Peter is so entranced with this scene that he wants it to go on forever. A bit like the mealworm in our poem.

But Peter doesn’t get to finish his sentence before he is interrupted by a bright cloud and a voice. In the Bible, a bright cloud and a voice on a mountain top is always God speaking. And God tells them three things. One, Jesus is God’s son (in case we had any doubts). Two, God loves the Son, calling him the Beloved. And three, God wants us to listen to Jesus. To hear him.

The disciples fall to the ground in fear. But Jesus comes over to them and touches them. Jesus reaches out to them. In their terror, Jesus reaches out and touches them. And Jesus says, “Get up.” They have fallen, but Jesus doesn’t let them stay down. He is pretty forceful, ordering them: “Get up.” And also “do not be afraid.”

Jesus is changed and, in response to hearing God, the disciples fall down in fear, but Jesus tells them to get up and not be afraid.

If we put ourselves in the place of the disciples, I wonder what we are afraid of? Thinking about a potential deficit, I can imaging a few things. Being poor stewards of the legacy of previous generations. Risking it all and failing. Losing something we love. Changing beyond all recognition. You can see why I have such sympathy for the beetle, transfigured beyond all recognition by forces outside his control. And upset by it.

Being upset, possibly even angry, is a perfectly normal response to change that is beyond our control. And upset or anger often covers up fear and grief. Think about changes in your own life that were or are beyond your control, and how you feel about it. Mad, sad, and possibly afraid.

But Jesus tells the disciples to not be afraid.

I did a first aid course a few years ago, and the instructor had us thinking about why people might not stop to help someone in medical distress. The answers were all related to fear—fear of disease, fear of making things worse, fear of legal liability. Then he asked us, “what is the opposite of fear?” And good priest that I am, I thought “trust!” But the answer he was looking for was “knowledge.” He was going to give us the knowledge we needed to overcome our fear of helping.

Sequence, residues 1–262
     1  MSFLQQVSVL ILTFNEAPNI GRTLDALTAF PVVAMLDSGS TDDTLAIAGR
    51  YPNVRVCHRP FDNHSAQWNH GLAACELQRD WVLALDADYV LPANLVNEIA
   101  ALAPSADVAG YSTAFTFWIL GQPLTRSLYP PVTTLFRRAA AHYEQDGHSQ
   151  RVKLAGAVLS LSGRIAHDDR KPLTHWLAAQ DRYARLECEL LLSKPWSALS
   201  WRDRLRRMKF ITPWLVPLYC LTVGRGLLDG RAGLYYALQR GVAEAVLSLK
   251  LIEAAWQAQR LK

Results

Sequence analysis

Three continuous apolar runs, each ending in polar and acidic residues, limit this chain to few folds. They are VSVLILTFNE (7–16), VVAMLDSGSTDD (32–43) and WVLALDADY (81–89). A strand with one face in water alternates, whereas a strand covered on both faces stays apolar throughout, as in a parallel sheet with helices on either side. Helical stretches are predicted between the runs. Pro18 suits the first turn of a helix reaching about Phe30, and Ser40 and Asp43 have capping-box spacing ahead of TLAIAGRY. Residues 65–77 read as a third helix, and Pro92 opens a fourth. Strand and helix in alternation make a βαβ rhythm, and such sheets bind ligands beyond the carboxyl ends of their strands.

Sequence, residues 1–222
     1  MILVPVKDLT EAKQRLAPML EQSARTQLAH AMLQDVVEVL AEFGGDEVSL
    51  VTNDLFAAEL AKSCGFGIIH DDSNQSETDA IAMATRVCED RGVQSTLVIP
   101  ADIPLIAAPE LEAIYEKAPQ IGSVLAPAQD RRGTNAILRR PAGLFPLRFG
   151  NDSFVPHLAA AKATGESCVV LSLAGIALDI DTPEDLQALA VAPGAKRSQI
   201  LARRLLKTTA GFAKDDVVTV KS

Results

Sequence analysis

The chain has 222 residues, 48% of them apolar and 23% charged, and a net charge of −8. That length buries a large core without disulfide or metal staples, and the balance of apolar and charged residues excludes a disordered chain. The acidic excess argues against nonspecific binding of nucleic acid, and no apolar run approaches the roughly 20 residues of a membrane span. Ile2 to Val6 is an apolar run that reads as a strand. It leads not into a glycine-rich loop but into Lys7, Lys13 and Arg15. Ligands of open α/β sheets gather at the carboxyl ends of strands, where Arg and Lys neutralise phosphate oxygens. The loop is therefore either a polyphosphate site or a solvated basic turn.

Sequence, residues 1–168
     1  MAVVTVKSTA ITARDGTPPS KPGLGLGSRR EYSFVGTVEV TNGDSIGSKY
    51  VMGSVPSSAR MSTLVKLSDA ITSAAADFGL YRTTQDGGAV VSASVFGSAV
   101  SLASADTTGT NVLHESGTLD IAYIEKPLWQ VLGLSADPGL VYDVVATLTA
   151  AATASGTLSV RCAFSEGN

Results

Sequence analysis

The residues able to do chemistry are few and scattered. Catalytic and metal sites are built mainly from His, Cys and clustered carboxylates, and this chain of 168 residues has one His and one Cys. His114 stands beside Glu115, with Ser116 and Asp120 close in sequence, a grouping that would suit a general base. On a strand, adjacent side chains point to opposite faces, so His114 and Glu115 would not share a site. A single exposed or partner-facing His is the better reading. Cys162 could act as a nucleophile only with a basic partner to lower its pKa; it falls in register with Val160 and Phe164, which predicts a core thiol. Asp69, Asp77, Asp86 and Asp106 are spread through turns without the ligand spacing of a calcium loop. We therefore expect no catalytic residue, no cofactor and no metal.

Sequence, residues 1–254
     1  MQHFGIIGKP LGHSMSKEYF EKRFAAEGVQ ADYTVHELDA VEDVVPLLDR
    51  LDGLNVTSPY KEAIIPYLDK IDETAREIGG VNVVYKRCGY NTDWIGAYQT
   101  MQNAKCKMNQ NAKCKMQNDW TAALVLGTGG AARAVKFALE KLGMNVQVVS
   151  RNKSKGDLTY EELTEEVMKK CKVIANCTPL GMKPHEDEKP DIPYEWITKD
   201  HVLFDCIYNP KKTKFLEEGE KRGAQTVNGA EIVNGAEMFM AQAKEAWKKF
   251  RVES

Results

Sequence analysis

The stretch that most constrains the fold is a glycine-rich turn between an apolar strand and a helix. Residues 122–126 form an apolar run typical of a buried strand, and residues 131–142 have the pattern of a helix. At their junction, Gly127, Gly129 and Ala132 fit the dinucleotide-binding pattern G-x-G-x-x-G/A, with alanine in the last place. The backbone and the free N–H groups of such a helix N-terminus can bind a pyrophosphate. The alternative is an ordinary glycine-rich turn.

What knowledge do we have, that can help us when we are afraid? God tells the disciples to listen to Jesus, to hear him. And Jesus tells the disciples to get up. I wish our knowledge were a little more concrete. That God or Jesus could tell us one way or another exactly what to do about our finances. But that’s not the kind of knowledge we have. Instead we have the Law and the Prophets. We know that we need to love God and to love our neighbours. And we have a long Christian tradition of ways to discern, ways to listen to ourselves and to each other to help hear where God is calling us.

The poem ends with the beetle expressing his dislike of metamorphosis. But the disciples’ story of metamorphosis and our story of metamorphosis don’t end there. Jesus and the disciples head back down the mountain, back into their journey to Jerusalem, to the cross and to new life for all creation. And we too carry on in our journey, hoping that we will notice when Jesus touches us, and striving to listen, listen to each other and to the new life that Jesus calls us to next.